UK value fashion retailer Primark has set up a fund to cover the wages component of orders that it cancelled in Bangladesh, Cambodia, India, Myanmar, Pakistan, Sri Lanka and Vietnam because of the coronavirus pandemic.
Profit at H&M has more than doubled in the first quarter - but the Swedish fashion retailer is bracing itself for the months ahead, with the global Covid-19 pandemic behind a 46% slump in net sales during March.
Top stories on just-style in March were unsurprisingly dominated by the impact of the coronavirus (Covid-19) pandemic on the global apparel industry and its supply chain. We take a look at how retail and fashion companies and their supply chains might fare coming out of the crisis, and industry efforts to address the global shortage of personal protective equipment (PPE). The list also includes an interview with Stanley Szeto, executive chairman of fashion supply chain manager Lever Style, and a US$930.7m bid to privatise Li & Fung.
The fast spread of the coronavirus around the globe has created an unprecedented situation for the world economy. But how might Covid-19 affect apparel sourcing and trade? Dr Sheng Lu, associate professor in the Department of Fashion and Apparel Studies at the University of Delaware, has analysed the worst case scenarios.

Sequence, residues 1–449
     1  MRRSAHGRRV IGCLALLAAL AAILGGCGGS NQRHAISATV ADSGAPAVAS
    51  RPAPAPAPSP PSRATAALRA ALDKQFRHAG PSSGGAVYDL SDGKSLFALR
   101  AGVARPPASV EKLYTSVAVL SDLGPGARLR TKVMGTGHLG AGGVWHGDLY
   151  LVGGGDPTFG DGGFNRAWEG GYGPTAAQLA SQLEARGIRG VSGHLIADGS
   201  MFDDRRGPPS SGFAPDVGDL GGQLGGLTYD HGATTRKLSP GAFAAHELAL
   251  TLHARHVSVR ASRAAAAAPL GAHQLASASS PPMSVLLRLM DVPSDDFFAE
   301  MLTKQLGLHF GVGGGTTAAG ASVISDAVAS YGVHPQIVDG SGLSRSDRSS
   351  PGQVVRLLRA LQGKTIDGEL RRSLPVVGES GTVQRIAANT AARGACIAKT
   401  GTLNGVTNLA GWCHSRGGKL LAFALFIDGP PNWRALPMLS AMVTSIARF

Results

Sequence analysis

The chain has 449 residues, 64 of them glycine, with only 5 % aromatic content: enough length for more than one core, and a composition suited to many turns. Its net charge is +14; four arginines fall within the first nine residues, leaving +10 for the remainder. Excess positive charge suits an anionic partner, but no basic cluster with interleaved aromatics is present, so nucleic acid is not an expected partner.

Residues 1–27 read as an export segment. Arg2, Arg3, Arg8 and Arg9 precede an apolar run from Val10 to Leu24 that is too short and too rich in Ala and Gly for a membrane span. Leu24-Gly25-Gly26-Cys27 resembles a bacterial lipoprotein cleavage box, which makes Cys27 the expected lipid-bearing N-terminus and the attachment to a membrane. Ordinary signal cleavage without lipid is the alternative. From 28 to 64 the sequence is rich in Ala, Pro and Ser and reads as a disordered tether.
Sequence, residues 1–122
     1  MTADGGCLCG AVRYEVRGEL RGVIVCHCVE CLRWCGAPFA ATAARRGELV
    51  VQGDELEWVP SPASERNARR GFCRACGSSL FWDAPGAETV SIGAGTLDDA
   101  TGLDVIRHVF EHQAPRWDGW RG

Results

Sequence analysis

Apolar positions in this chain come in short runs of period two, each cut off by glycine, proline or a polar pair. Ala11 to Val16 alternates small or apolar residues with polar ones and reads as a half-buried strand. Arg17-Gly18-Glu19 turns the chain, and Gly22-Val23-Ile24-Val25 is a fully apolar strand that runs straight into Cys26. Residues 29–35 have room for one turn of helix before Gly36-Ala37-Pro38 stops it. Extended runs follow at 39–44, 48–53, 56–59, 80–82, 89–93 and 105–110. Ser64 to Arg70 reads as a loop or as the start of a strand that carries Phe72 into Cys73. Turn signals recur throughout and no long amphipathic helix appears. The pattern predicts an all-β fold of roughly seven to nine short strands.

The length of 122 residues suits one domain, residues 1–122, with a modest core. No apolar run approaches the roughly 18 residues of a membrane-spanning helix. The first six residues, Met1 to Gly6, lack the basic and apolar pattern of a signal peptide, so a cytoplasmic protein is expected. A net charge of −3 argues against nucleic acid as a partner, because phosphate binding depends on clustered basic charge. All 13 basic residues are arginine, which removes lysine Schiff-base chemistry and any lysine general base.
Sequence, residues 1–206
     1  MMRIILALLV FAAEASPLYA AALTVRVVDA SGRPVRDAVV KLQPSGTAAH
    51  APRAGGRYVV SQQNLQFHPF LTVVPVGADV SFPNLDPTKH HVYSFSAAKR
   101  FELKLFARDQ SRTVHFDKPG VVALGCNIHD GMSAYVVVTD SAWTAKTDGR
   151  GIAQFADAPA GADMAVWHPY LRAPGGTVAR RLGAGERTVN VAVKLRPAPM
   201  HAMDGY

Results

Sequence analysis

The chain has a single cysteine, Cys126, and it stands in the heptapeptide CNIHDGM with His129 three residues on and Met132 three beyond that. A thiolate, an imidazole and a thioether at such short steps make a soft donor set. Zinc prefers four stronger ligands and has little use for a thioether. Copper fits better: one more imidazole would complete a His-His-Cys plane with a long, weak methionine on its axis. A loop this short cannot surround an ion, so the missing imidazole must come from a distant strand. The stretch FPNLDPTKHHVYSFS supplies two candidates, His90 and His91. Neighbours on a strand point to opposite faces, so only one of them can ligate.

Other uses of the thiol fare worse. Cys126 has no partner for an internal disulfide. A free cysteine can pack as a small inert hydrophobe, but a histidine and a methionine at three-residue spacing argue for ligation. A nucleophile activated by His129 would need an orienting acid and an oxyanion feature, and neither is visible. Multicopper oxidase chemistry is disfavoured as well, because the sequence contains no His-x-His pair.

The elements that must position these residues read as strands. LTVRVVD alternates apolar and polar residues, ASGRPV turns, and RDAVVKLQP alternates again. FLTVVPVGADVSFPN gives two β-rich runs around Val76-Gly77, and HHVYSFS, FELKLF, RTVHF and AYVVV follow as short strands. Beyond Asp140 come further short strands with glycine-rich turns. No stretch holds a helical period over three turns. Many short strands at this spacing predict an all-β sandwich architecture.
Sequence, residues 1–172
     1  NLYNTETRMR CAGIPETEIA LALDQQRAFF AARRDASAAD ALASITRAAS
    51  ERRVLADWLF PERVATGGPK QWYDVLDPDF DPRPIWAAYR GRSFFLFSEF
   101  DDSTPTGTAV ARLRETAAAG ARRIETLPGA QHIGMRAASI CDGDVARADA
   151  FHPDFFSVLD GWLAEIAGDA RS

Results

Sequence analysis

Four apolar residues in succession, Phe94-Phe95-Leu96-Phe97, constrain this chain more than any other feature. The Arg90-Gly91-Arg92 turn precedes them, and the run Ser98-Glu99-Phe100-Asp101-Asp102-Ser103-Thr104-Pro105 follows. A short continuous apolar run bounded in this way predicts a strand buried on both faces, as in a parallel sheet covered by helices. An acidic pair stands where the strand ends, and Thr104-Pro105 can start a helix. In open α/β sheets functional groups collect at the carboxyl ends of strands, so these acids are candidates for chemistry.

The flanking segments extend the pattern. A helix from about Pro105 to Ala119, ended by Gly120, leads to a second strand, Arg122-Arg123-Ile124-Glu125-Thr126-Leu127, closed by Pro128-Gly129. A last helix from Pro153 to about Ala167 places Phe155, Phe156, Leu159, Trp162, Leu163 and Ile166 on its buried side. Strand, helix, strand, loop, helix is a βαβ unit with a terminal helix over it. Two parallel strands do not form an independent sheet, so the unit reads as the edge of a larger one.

Retailers H&M, Canada Goose, Nike Inc and luxury firms including Kering are among those mobilising their production facilities and supply chains to help address the global shortage of personal protective equipment (PPE) including face masks and hospital gowns amid the coronavirus (Covid-19) pandemic.
Retailers that have made bold commitments to their staff, customers and the wider community during the coronavirus (Covid-19) outbreak are most likely to be in favour with shoppers when normality returns - including fashion brands that are harnessing their production capacity to produce equipment to help fight the pandemic.